Applying magazine lessons to consumer brands
If you build it, they will come, or something to that effect, wrote W.P. Kinsella in his 1982 novel “Shoeless Joe.” If you recall the book or its film incarnation “Field of Dreams,” you know that protagonist Ray Kinsella follows that disembodied call to action, carving a baseball diamond from an Iowa corn field. He builds a field of dreams – where spirits and people come to play.
Building this field required vision and an understanding of the common need it would fill. This is not so different from a magazine, which also starts with a vision (plus large amounts of cash). When it works, advertisers and consumers then gather in a venue where they share an experience of reading, learning, and commerce. Their common interests draw them to the magazine and in turn, they become part of a new community of business and social interactions.
Magazines so aptly serve this social function that from their titles we can conjure images of their readers: The New Yorker reader seeking a haven of urbane, if tedious, prose. The Bon Appetit gourmand entertaining for six, then up at 7 to pack the kids off to school. Each magazine evokes the image of the community it serves, and in that sense, a magazine serves as a carefully cultivated meta-brand for a market or segment. The magazine meta-brand acts like a magnet for individuals with common aspirations, habits, and needs – and sellers seeking to meet those needs.
Meta-brands are not exclusive to the media. A consumer brand, which symbolizes a product or company, also evokes the character of its adherents much like a magazine brand describes its readers. Consider Sears customers versus Nordstrom customers or Harley Davidson customers versus Volvo customers. Each brand attracts a different type of customer. To the extent that brand devotees can interact with each other to propagate a brand, they can become what social scientists call a brand community. In a marketing context, the opportunity – and the challenge – is to cultivate brand communities using programs that encourage social interaction and branding beyond the sales transaction.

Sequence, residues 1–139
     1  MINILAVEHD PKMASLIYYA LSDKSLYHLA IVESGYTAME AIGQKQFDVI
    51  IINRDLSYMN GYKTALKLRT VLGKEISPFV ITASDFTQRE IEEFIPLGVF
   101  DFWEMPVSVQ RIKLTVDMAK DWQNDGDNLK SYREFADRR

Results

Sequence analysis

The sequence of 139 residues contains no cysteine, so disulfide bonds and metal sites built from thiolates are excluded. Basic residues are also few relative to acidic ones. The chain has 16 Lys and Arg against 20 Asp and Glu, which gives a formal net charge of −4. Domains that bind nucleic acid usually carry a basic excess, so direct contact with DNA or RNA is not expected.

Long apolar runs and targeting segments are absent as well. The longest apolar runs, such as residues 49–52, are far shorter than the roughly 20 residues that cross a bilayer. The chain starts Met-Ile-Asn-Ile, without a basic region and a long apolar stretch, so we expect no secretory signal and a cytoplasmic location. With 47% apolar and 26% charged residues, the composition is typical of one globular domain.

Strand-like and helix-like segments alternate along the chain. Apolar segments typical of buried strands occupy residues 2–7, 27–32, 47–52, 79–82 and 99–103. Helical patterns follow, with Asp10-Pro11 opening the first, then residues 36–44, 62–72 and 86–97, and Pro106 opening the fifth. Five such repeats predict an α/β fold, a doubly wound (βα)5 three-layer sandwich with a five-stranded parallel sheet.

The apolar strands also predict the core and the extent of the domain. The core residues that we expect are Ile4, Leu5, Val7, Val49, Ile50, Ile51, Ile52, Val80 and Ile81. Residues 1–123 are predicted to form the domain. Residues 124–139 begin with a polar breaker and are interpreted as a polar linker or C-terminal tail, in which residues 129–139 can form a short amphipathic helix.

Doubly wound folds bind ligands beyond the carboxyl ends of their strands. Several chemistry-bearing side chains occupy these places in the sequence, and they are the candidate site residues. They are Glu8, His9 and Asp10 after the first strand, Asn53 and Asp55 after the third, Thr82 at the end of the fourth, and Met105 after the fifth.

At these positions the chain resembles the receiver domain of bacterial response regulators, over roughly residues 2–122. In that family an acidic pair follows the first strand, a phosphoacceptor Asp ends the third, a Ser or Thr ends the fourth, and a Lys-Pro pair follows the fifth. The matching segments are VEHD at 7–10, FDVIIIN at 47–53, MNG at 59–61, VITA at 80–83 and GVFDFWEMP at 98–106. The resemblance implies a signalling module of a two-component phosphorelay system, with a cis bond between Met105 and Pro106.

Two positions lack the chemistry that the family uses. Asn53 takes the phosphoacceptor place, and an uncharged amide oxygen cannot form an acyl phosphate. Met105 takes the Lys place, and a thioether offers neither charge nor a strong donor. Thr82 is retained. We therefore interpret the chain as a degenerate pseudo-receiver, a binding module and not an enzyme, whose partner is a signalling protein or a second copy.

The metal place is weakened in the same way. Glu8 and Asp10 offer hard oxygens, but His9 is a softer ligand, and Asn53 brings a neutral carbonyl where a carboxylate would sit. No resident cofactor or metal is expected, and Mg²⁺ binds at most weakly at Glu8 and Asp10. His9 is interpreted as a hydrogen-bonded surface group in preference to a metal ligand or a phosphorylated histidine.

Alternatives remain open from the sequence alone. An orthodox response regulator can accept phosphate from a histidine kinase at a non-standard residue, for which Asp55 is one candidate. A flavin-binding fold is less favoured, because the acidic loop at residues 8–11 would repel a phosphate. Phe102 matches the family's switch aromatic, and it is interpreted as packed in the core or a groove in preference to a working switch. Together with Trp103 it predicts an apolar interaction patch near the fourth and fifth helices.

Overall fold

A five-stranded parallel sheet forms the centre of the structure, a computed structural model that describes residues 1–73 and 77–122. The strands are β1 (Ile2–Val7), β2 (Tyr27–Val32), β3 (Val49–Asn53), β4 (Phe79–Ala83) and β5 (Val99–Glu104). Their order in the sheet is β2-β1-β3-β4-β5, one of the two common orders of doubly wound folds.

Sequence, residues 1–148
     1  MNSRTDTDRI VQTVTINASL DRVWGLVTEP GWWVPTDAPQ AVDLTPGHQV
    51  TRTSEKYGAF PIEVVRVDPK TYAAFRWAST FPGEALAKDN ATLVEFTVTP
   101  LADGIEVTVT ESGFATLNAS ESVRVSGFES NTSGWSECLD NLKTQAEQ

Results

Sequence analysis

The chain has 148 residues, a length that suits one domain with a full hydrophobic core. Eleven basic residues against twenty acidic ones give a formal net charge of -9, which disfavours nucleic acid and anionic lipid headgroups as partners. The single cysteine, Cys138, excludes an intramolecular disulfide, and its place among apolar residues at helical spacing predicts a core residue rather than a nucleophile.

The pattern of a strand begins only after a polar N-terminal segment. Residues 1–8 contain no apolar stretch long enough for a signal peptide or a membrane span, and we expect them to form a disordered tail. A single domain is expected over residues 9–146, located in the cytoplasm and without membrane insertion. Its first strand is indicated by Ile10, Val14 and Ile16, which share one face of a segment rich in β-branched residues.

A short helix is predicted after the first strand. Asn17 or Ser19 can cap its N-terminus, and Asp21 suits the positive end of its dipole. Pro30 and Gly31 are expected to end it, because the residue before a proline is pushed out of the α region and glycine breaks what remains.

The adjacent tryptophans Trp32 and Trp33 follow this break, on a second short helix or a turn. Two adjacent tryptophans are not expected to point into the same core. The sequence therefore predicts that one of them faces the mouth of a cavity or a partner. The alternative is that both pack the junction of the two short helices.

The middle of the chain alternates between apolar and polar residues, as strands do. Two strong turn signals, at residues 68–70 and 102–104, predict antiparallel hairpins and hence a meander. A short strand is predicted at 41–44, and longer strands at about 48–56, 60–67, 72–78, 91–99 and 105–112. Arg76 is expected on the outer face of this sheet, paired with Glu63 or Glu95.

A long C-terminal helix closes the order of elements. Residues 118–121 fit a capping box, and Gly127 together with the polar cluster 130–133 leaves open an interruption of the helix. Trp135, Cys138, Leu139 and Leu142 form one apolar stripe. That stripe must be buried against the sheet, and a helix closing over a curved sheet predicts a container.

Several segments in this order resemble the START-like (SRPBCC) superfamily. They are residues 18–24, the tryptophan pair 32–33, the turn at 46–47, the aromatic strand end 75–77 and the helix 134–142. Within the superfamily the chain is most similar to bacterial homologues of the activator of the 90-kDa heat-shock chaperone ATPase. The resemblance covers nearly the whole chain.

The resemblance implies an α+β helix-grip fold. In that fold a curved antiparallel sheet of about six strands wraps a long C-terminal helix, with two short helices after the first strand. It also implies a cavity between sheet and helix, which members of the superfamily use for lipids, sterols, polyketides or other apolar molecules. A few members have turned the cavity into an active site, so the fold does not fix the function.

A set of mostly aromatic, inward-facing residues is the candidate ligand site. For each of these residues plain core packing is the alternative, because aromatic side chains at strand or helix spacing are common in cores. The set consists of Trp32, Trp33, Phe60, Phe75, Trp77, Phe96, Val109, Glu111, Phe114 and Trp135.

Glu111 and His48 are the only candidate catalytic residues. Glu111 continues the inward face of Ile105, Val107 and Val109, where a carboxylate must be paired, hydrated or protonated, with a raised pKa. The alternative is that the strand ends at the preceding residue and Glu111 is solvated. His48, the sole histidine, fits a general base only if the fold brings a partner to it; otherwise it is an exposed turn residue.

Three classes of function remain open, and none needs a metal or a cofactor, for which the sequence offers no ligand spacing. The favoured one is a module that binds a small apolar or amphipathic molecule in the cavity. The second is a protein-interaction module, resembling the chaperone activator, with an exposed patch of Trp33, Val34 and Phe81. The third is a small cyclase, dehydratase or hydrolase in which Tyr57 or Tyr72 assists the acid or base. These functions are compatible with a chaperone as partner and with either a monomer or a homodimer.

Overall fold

A brand community approach to marketing isn’t new. Channel organizations have pioneered reseller networks, conventions, publications, and more. These are community-building programs, but on a B2B scale. What is relatively new is how information technology lets consumer brands participate. In the course of business, a seller can now collect as much customer data as the media and use the same tools as the media to foster social interaction and community.
This raises a profound question. If a seller has more customer data than the media, a distinctive meta-brand that describes its brand community, and a marketing communications infrastructure that supports social interactions among customers, then what is the nature of brand development? It begins to look more like audience development, and the basis of competition becomes the ability to retain enthusiastic members.
Companies such as eBay have already unleashed the potential of this idea. eBay is a $3 billion company from which its “customers” don’t actually buy anything. Is eBay a media brand or a retail brand? Traditional commerce has a few standouts, including wholesale clubs, investment services brands, and a few visionary consumer brands that run customer events. But there’s more work to be done.
Brand community development is not just marketing. If you choose to think of customers as members with a vital role in your brand’s success, then you’ll start to build programs that reveal new ways of doing business. The first step is to develop the programs that bring customers together. If you build the infrastructure, they will come. END
David M. Kalman is the president of Terrella Media, Inc.